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Nissan Pickup Radiator

Signs of a Nissan Pickup Radiator Going Bad

Radiator problems are fairly common for the Nissan Pickup. The common approach as far as a repair goes is flushing the fluid out and refilling it with new one. However, this won't always work especially with a problematic radiator such as that of the Pickup's. That's why it's important to be aware of the symptoms that tell you need to replace your stock radiator with a new one. Here are some of the common signs:

Rusty radiator fluid

When you flush the fluid out of the radiator and you notice that its color is brownish and rustic, this is a sign that the stock unit is in need of replacement. The rust comes from the wear and tear the part has accumulated overtime. There's not much you can do if the insides are slowly being flushed away with the fluid. As the truck ages, the radiator rusts even more.

Whistling sound

Hearing a mild whistling sound somewhere behind the truck's glove compartment with the air conditioner on is also an indicator of a radiator slowly going bad. To be specific, there is a leak somewhere in the heater core that's responsible for giving off the sound. An added symptom is some water entering the passenger cabin accompanies that sound.

Excessive fan play

The fan of the Nissan Pickup radiator should stay secure at all times. However, too much play on the part-which could escalate to fallen and torn blades-is a problem that needs immediate attention. The clutch of the pulley and fan may also be loose. You should start replacing these parts to ensure cooling efficiency.

No overflow

Radiator fluid should circulate around the engine, through the heater core, hoses, and overflow. If there's no liquid inside the reservoir tank, this is a sign of a bad thermostat that's not making accurate readings. Replace this at once to return coolant flow.

Easy overheating

An engine easily overheating, regardless of speed, is an obvious sign that the Nissan Pickup has a restricted radiator. By this time, there's not much you can do with the existing unit but replace it with a new one as well.

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  • Four Nissan Pickup Radiator Upkeep Tips

    What makes the Nissan Pickup great is that it's a perfect vehicle for various heavy-duty jobs. However, this pushes its radiator to its limit. With too much heat going around under the hood, you might end up with a struggling engine that could die on you in the middle of a drive. Overheating is a problem you'd want to avoid at all costs. That's why you should make sure that the cooling system is in good condition to do its job. The following are some maintenance tips you can do on your Nissan Pickup radiator.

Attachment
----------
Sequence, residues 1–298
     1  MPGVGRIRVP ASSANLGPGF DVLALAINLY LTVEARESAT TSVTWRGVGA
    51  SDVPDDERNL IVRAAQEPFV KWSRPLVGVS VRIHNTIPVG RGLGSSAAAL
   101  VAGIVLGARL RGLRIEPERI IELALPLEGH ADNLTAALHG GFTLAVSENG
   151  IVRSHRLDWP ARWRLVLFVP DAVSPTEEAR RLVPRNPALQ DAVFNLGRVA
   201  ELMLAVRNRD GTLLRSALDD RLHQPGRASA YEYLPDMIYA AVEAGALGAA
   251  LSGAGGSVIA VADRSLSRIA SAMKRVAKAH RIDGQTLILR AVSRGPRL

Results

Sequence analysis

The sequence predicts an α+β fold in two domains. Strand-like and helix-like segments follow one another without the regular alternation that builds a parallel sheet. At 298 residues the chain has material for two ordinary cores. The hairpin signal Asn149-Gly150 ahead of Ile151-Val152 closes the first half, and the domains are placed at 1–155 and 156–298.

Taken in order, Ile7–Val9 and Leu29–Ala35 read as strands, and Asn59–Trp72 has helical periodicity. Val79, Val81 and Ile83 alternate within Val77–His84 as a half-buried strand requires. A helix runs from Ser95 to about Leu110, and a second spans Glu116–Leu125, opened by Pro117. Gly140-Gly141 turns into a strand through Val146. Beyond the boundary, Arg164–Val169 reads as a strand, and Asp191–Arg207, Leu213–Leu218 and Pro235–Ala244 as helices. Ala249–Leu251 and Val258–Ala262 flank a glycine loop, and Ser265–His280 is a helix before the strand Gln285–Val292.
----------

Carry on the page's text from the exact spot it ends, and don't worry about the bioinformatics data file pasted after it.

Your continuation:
Perform mandatory pressure tests.

    The different liquids can travel through the radiator and the rest of the truck's cooling system because of the pressure that pushes it around. Performing mandatory tests can show you the earliest signs of a drop in pressure before it's too late. If too much is lost overtime, the truck's engine won't be cooled enough to run properly and could overheat.

    Check the cap and hoses.

    Keeping the radiator in good condition also means keeping its parts and accessories intact. One thing you should check is the cap that keeps fluids inside at all times. A loose cover results to a decrease in pressure and the release of coolant. Other than the cap, inspect the hoses that run to and from the radiator. Torn or cracked ones are also an avenue for escape for the fluid.

    Flush the fluid and coolant.

    You should flush the fluid inside the Nissan Pickup radiator at least once every two years. Do so every year if the truck is more than five years old. Removing the liquid is a way to get rid of any accumulated dirt and metal particles from the insides of the radiator. This results to an improvement in cooling efficiency and an extension in the service life of the part.

    Refill with enough coolant.

    Refilling the radiator with new coolant is not as easy as opening a bottle and pouring the contents in. You should be aware of how much antifreeze and water you use. The default ratio is a half-and-half portion of both. If you live in very hot or cold weather, the ratio must change with the conditions.